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Ball-Nogues makes architecture for the moment

Benjamin Ball and Gaston Nogues have built a reputation with temporary structures. But there's more to come, and one project is even permanent.

August 02, 2009|Paul Young

For an architecture firm with only four years' experience, it's surprising how much attention Benjamin Ball and Gaston Nogues have received. "It's a little crazy," says Ball, 41. "And it puts a little pressure on us because people seem to have higher expectations."

Indeed, in three short years, they've received commissions from the likes of MOMA, MOCA, Tiffany & Co., Frank Gehry and the 2008 Architecture Biennale in Venice, Italy.

Yet they still haven't built a single permanent structure.

Rather, they're known for building installations and temporary structures such as the twisting, three-story plastic form that greeted concertgoers at this year's Coachella festival in April. Most last for a couple of days, weeks or months before landing in the recycling bin.

Their latest effort, called "Feathered Edge," can be found at MOCA's satellite space at the Pacific Design Center in West Hollywood. Like a number of the duo's recent projects, it's a "suspension piece," as Ball calls it -- which is to say that it's mounted on the ceiling instead of the floor. The work is composed of thin pieces of string -- more than 21 miles' worth -- that have been cut and arranged into precise arcs and crisscross patterns. The designers used a computer to determine the overall shape, as well as a map that told them where to place each section by hand. (It took the artists and 15 volunteers two weeks to install.) The result is a sensuous, rainbow-colored, nebulous mass that hovers in the upper quadrant of the 24-by-24-foot interior and invites viewers to navigate through its recesses and voids.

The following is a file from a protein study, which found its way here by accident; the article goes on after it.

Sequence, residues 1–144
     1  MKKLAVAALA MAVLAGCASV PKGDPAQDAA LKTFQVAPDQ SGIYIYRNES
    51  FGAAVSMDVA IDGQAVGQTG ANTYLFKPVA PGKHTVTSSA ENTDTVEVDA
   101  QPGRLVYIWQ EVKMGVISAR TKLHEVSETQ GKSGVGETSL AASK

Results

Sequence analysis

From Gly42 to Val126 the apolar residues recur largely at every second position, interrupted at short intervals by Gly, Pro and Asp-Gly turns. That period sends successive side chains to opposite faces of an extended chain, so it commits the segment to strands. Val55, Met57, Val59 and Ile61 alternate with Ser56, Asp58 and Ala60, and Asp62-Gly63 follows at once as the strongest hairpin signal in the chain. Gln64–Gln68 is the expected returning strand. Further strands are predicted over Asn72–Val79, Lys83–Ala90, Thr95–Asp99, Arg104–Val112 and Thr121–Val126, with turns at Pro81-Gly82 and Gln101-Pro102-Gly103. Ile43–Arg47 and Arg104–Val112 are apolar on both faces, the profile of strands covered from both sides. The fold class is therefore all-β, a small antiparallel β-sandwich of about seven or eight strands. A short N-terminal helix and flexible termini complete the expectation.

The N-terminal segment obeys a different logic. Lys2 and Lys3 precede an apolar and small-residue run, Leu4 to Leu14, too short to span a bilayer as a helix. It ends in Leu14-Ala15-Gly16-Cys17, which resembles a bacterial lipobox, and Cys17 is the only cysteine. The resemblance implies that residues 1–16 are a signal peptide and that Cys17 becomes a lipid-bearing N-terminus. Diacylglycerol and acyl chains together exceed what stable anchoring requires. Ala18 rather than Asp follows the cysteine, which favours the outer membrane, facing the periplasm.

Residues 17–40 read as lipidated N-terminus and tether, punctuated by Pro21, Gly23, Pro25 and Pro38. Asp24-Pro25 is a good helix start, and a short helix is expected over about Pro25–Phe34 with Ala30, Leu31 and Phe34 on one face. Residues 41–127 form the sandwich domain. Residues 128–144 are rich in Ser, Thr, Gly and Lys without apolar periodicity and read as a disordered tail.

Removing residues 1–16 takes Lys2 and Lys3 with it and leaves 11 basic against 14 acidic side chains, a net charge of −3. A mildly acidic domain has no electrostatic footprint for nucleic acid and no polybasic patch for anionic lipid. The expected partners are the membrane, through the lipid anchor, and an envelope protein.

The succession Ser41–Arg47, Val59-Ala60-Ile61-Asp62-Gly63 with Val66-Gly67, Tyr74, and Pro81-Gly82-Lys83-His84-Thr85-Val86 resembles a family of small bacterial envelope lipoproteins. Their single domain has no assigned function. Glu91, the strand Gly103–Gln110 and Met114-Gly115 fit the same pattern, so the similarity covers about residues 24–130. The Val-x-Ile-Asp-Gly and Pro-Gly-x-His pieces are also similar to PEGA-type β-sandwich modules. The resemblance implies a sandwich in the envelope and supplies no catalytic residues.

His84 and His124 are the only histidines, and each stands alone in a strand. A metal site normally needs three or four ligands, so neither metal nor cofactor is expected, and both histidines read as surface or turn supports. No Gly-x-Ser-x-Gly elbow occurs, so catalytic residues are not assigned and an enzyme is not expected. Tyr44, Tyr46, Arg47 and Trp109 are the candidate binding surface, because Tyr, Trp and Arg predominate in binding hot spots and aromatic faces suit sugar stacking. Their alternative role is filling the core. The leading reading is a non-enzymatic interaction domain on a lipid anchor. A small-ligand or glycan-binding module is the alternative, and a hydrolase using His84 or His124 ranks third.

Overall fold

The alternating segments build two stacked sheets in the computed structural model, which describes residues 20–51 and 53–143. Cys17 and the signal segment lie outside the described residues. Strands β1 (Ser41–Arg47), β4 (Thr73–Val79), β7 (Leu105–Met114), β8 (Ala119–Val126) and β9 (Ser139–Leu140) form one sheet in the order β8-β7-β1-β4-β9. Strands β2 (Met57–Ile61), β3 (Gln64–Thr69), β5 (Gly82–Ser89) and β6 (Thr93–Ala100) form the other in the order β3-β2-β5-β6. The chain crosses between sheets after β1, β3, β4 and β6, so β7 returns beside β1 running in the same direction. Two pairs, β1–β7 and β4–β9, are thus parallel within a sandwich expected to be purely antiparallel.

For The Record
Los Angeles Times Sunday, August 02, 2009 Home Edition Main News Part A Page 4 National Desk 2 inches; 74 words Type of Material: Correction
Ball-Nogues: In today's Arts & Books article about architects Benjamin Ball and Gaston Nogues, a reference to their work at this year's Coachella music festival should have noted that Southern California Institute of Architecture students collaborated on the three-story plastic form; and the size of their forthcoming 18-foot project in L.A.'s Centinela Area Building and Safety Permit Office is misstated as 18 inches. Also, the smaller photograph accompanying the article misidentifies Nogues as Ball.
For The Record
Los Angeles Times Sunday, August 09, 2009 Home Edition Sunday Calendar Part D Page 2 Calendar Desk 3 inches; 102 words Type of Material: Correction
Ball-Nogues: An article last Sunday about architects Benjamin Ball and Gaston Nogues stated that the duo would be installing an 18-inch suspension project inside L.A.'s Centinela Area Building and Safety Permit Office. The project is 18 feet in size. In addition, a reference to their work on a three-story plastic form at this year's Coachella festival should have included the fact that the project was done in collaboration with students at the Southern California Institute of Architecture. Also, a photograph accompanying the story incorrectly identified Ball as the architect shown assembling their "suspension piece" titled "Feathered Edge"; the photograph was of Nogues.